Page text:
The Dance Band frenzy.

Harrogate had never experienced anything like it.

Although the town was well used to music being provided as an essential part of the Spa routine, the visit of a top class dance band on Sunday, September 26 1926 produced a sensation, with queues from the Royal Hall box office stretching up Parliament Street. The band was that of Jack Hylton, whose visit introduced a 20 year craze for dance band music that ended only with the different social conditions of the post-Second World War era.

Not that dance band music expunged other music in the town. Cecil Moon and his quartet continued to give his recitals in the Valley Gardens and Winter Gardens; Basil Cameron still conducted the Harrogate Municipal Orchestra to packed houses in the Royal Hall, and guest musicians of the highest international standard still visited the town. But for at least 15 years, the visits of the big bands and their own virtuosi soloists, were outstandingly brilliant occasions.

Jack Hylton had been working at the Queen’s Hall Roof Ballroom in London, when gramophone records of the famous Paul Whiteman band arrived from America. Jack was sufficiently perceptive to see the potential, in this country, for Paul Whiteman’s transcriptions, and his perception was recognized by Britain’s biggest recording company, HMV.

In May 1921, the Queen’s Dance Orchestra recorded four of Jack Hylton’s new arrangements of some neglected songs, and sales went through the roof. From then on, there was no stopping Jack Hylton, and by 1929, the sales of the Jack Hylton Band numbered millions. It is amusing to see the difficulty the Advertiser’s unnamed music critic had in reviewing Jack Hylton’s Band : “The visit of this band on Sunday, September 29 resulted in the hall being packed to its utmost capacity, many being content to stand all through the performance. In a succession of what are styled “symphonic syncopations” the band kept the audience interested for over two hours, along with duets on two pianos. The programme was further varied by the eccentricities of the conductor and the various soloists and lighting effects”.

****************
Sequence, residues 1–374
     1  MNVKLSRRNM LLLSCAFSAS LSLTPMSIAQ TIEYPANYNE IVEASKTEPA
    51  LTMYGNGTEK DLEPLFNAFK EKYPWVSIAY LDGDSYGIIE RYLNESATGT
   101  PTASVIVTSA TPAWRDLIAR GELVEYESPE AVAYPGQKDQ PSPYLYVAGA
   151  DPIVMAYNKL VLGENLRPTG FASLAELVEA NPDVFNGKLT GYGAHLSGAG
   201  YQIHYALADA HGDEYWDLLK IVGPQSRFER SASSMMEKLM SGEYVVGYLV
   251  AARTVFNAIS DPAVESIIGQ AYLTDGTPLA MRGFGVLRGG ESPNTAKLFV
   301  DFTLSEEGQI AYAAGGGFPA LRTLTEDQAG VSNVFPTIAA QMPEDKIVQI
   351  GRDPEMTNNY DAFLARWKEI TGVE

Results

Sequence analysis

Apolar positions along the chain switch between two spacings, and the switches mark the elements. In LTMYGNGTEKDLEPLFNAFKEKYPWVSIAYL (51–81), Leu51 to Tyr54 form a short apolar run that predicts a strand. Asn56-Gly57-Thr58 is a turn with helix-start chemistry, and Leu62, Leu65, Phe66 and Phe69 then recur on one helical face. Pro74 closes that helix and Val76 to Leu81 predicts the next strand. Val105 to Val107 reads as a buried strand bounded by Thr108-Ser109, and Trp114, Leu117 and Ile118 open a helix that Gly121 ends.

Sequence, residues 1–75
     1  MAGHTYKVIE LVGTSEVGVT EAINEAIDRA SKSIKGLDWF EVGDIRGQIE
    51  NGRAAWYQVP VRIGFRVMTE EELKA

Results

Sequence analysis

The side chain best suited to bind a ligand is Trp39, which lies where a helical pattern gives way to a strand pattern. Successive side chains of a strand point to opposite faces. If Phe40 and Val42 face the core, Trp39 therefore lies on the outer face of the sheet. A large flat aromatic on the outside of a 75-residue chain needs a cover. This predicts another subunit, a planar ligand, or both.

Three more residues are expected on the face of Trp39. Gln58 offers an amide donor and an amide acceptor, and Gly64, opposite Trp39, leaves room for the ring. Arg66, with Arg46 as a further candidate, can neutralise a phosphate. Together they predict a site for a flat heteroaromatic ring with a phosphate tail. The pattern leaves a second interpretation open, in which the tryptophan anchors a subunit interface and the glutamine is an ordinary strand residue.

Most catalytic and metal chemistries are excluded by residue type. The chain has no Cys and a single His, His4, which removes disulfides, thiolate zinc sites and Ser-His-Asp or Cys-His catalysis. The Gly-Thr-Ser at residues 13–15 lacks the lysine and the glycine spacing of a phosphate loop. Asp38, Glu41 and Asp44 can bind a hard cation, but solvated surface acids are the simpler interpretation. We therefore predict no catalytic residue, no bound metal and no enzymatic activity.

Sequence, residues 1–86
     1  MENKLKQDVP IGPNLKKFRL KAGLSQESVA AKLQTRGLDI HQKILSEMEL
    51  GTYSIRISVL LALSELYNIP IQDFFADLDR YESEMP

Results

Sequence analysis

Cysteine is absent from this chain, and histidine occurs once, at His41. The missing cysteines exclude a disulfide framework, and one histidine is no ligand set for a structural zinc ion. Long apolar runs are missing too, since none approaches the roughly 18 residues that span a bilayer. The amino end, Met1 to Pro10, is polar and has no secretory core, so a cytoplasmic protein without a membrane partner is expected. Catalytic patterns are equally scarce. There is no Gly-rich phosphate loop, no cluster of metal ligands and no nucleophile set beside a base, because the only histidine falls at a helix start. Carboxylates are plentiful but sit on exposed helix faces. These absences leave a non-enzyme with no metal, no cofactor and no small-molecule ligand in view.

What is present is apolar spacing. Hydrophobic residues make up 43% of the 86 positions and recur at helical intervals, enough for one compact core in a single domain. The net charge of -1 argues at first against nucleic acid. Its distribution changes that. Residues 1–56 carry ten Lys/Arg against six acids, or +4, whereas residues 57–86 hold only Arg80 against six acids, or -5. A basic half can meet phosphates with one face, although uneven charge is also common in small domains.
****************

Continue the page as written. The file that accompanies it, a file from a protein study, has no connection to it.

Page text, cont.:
Not a word about the music played, the performance of the band or the reaction of the audience beyond its being “interested”. Despite this unpromising review, the word spread far and wide, and the Jack Hylton Band was asked to return for further performances on September 4 1927, and May 20 1928. Fired by these successful visits, the Royal Hall management booked a second big name, and on July 26 1931, the Billy Cotton Band visited the Royal Hall, followed by the immaculately dressed Debroy Somers and his Band on August 30.

From then on, the floodgates opened. In 1936, at the height of the dance band craze, an amazing galaxy of talent performed to packed houses in the Royal Hall. They were as follow: on January 12, Jack Hylton’s return was welcomed warmly, followed by Jack Payne on January 26, Teddy Joyce on April 12, Ambrose on April 26, Mrs Jack Hylton on June 7, Roy Fox on June 21, Lou Praeger on July 12, Charlie Kunz on July 19, Joe Loss on August 9, Bertini and his famous Broadcasting Band on August 23, Syd Lipton on August 30, Roy Fox on September 6, Sydney Kyte on September 13, Geraldo and his Goucho Orchestra on September 27, Nat Gonella and his Georgians on October 11, Alfredo and his Gipsy Orchestra on October 25, Lou Praeger on November 15, and, to close the season, Mrs Jack Hylton and her Boys on November 22.

These were the top names in dance band music, and such notable absentees as Victor Sylvester or Carrol Gibbons appeared in following years. This was the time before popular music had been hi-jacked by the teenage market. The musicians were all superb executants, melody and harmony were sophisticated, with intelligible and often witty lyrics, and the players took a pride in their appearance, wearing either full evening dress or smart uniforms. The Royal Hall management knew the importance of attracting the best names in the world of music, to ensure the place was filled, and that the all-important visitors, as well as residents, were well entertained. Many of these bands can be heard on the CD produced in aid of the restoration of the Royal Hall.